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MBA program

There seems to be an interesting trend happening amongst undergraduate liberal arts programs all across the country.  While it seems a course in finance or general business was hardly what undergrads were looking for, there is now a higher demand for such courses.

Business Week’s reporter Adam Fusfeld claims: “For liberal arts students, a little bit of business knowhow is a powerful thing, giving them the confidence they need to work in a business setting.”  For students vying for full-time jobs after graduation, schools don’t want them to appear at a disadvantage.  Hence, courses like Introduction to Accounting, Business Management, Human Resources Management and Business Communications are becoming options for Philosophy, English and History majors.  Why the sudden interest in business courses?  Could it be the recent ongoing economic recession?

Some schools, like Northwestern, which terminated its undergraduate business program 41 years ago, are offering certificate programs for students who have fulfilled a certain number of credits with a B-average GPA.  Such types of certificates appear to appeal to students, as it’s something they can add to their resumes when applying for internships and full-time employment. Since the start of the economic downturn in 2008, there has been an increased interest in such business certificate-like undergraduate business programs all over the country.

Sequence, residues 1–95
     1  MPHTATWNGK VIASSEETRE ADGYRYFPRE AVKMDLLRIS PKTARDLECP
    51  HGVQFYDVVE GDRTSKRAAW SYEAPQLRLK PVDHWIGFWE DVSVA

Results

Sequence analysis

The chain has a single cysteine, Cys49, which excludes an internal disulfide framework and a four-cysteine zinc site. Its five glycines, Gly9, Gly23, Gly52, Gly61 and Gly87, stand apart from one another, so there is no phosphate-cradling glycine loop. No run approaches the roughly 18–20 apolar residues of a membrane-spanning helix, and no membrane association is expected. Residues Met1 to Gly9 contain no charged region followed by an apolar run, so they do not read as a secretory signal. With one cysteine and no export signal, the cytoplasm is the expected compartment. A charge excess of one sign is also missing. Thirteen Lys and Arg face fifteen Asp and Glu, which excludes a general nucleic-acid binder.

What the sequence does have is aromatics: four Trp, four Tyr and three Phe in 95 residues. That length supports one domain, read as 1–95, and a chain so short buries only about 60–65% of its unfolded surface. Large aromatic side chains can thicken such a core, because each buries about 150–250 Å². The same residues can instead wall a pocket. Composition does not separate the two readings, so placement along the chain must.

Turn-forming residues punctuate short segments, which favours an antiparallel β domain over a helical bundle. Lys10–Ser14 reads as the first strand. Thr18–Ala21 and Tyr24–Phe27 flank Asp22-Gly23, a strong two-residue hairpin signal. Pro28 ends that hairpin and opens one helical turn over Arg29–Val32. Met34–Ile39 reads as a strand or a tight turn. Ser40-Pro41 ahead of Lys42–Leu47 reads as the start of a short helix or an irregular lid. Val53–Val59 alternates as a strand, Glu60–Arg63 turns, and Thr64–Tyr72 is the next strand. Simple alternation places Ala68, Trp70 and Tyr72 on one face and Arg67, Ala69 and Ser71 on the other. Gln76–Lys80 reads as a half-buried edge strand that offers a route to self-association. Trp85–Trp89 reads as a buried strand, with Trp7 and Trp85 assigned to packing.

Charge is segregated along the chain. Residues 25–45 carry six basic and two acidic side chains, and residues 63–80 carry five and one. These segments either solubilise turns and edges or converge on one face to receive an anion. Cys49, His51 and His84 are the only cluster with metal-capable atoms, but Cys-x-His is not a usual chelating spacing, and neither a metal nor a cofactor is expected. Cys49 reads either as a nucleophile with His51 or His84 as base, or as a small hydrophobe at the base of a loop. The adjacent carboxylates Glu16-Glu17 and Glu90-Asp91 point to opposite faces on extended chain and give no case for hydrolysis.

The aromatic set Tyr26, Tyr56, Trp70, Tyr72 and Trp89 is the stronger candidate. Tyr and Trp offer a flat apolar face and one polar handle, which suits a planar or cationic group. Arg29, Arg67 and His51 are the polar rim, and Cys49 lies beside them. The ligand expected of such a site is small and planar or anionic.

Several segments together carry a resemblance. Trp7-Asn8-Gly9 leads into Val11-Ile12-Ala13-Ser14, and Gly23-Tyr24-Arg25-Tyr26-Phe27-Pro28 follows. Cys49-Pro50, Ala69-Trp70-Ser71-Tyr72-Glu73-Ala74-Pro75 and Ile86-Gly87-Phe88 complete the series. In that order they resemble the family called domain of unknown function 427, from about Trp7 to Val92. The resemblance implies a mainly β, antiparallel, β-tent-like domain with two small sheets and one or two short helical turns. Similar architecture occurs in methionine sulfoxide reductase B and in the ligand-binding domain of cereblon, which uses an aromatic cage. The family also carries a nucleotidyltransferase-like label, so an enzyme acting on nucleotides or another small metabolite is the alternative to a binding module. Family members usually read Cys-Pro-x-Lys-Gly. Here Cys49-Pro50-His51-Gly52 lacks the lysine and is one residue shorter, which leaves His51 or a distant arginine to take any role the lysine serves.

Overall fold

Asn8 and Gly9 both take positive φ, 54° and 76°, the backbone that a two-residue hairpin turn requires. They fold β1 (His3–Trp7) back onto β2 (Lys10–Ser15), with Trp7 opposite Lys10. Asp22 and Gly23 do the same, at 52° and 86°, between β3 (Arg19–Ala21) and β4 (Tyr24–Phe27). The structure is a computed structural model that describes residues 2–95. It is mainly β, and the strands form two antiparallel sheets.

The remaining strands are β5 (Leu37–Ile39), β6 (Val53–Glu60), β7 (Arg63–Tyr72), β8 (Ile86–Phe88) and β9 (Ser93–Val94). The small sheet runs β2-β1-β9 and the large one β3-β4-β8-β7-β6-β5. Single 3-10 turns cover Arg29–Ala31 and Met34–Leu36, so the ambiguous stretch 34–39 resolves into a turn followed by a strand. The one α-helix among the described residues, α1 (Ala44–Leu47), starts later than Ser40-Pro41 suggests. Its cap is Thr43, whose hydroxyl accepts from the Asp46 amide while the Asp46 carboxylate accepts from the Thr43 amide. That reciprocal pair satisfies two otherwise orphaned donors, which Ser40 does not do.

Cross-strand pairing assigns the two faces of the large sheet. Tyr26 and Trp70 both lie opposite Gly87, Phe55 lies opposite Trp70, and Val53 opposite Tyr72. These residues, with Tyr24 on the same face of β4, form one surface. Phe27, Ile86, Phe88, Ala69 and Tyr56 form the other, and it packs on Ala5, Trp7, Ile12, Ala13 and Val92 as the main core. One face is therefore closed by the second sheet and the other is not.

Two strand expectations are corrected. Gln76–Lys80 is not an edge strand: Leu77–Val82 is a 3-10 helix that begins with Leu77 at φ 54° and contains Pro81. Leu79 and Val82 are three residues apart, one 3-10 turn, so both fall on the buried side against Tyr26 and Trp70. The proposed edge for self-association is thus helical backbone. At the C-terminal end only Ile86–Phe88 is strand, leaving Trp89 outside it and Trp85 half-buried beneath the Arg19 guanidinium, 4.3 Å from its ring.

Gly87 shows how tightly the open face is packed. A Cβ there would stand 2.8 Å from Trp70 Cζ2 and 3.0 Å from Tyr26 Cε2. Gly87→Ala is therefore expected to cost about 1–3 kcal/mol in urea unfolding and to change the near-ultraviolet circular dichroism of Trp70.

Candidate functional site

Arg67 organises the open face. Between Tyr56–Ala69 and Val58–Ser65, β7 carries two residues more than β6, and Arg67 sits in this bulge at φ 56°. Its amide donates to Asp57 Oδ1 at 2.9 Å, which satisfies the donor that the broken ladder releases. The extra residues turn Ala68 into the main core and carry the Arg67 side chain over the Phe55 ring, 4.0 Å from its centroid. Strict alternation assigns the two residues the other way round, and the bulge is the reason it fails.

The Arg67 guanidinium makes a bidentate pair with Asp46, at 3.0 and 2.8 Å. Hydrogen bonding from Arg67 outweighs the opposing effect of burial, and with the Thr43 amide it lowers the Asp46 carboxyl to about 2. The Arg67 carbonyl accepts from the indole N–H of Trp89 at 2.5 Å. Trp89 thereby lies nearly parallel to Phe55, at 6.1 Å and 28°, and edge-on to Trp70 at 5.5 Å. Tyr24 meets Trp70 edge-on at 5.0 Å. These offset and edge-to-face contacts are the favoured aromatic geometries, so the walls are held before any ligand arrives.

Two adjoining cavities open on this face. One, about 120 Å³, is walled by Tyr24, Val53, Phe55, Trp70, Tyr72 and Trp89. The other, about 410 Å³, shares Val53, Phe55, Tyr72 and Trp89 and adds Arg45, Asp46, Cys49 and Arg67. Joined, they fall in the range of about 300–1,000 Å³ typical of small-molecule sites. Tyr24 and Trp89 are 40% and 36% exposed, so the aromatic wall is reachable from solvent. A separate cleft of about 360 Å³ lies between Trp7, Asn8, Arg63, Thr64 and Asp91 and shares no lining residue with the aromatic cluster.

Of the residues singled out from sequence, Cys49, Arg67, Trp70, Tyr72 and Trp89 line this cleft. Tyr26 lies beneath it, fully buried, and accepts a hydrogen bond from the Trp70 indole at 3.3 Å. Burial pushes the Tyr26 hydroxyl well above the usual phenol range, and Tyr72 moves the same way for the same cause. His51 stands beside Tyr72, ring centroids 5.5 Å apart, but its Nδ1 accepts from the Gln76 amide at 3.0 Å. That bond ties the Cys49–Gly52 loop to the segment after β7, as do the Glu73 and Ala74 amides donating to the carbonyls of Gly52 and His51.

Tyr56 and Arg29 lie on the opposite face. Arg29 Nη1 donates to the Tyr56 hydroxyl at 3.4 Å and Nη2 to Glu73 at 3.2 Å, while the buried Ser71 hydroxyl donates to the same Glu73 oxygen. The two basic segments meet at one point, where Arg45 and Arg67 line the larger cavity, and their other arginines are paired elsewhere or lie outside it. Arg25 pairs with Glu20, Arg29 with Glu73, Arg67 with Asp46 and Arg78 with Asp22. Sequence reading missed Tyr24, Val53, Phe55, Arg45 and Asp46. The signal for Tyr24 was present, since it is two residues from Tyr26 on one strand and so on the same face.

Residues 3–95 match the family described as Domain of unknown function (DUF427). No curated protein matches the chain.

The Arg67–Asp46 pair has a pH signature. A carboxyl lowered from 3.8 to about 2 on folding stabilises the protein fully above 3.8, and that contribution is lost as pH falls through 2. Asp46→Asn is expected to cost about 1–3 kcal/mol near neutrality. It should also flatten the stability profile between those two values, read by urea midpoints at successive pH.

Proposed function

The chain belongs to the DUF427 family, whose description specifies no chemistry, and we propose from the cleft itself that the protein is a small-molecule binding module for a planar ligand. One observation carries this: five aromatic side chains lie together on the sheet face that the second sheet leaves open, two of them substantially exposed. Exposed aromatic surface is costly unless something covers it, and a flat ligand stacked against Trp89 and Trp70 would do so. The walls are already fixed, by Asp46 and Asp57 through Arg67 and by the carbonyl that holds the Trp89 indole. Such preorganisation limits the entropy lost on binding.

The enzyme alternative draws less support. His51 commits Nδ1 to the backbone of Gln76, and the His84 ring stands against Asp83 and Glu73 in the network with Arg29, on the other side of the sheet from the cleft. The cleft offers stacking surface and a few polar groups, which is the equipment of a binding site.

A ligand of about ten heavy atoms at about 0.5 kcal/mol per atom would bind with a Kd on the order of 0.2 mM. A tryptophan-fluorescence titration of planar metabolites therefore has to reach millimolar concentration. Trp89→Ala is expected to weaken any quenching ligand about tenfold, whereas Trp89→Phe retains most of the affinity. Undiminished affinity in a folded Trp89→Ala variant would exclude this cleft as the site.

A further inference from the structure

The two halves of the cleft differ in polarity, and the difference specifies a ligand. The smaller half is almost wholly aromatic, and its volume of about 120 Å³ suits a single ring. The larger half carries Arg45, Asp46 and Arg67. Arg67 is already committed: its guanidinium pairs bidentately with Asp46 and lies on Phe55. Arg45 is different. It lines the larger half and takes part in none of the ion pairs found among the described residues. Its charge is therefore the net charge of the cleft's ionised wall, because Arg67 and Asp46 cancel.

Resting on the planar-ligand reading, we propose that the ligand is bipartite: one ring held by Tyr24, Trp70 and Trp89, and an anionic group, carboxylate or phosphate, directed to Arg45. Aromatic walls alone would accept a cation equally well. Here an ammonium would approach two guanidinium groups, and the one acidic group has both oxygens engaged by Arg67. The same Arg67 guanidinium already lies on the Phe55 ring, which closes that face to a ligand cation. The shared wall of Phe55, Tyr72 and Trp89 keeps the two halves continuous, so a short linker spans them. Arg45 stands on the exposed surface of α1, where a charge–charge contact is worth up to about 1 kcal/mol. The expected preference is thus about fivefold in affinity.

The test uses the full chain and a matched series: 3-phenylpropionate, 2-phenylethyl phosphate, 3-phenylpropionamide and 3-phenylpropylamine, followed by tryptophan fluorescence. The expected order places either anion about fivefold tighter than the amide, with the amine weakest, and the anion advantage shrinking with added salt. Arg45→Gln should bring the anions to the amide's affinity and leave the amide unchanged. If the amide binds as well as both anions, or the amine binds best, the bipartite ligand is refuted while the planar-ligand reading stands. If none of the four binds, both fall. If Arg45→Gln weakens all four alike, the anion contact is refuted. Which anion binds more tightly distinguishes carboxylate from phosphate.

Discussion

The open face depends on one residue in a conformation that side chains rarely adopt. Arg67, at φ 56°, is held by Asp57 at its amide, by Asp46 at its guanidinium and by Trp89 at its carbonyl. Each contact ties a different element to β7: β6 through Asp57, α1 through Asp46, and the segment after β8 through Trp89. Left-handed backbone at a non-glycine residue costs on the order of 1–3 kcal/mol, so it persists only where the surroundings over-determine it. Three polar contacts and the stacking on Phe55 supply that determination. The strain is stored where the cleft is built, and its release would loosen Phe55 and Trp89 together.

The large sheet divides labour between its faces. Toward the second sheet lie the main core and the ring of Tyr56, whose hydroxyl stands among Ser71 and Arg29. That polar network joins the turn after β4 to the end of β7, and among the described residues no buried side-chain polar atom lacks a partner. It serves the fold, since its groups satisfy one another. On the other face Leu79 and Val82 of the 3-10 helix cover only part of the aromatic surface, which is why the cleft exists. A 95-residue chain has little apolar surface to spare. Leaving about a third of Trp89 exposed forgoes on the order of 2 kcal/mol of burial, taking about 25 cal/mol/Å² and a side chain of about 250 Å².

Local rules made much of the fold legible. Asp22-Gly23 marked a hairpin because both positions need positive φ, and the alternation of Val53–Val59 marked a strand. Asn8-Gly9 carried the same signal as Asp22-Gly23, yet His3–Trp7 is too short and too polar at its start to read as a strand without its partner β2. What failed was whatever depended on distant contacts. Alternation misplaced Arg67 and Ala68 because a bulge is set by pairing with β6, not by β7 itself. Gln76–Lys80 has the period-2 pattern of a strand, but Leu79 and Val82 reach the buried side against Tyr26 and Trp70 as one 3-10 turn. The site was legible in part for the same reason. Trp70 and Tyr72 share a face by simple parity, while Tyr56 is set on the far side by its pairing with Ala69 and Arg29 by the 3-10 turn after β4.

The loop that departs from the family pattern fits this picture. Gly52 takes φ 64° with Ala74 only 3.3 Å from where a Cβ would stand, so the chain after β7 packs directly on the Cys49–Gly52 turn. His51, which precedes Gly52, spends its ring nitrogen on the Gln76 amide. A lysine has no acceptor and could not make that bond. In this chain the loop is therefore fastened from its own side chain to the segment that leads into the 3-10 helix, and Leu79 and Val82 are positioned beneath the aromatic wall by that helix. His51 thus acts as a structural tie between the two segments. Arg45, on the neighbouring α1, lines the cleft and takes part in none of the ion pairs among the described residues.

While the United States still holds a firm stance on the importance of a broad liberal arts education during one’s undergraduate years, perhaps a basic understanding of finance and business would be advantageous to all students, no matter what their eventual focus may be.  While the recession has certainly caused some negative effects on the workplace, perhaps this is an unusual advantage for all undergraduate-bound students in the future.

Dr. Joern Meissner, founder and chairman of Manhattan Review, has written an article discussing the rising importance of the GMAT in the recruiting process of MBA graduates.

 

He draws on his years of experience as a tenured professor teaching in the MBA Program at Lancaster University Management School in the UK .

In particular, he recommends students to retake the test if a substantial score increase can be achieved and if they are looking to apply for competitive positions including those in investment banking or management consulting while their GMAT score is below 700 points.

You can find the full article titled “Why the GMAT still matters when you already are at B-School” on his academic website.



Posted on January 18, 2010 by Manhattan Review

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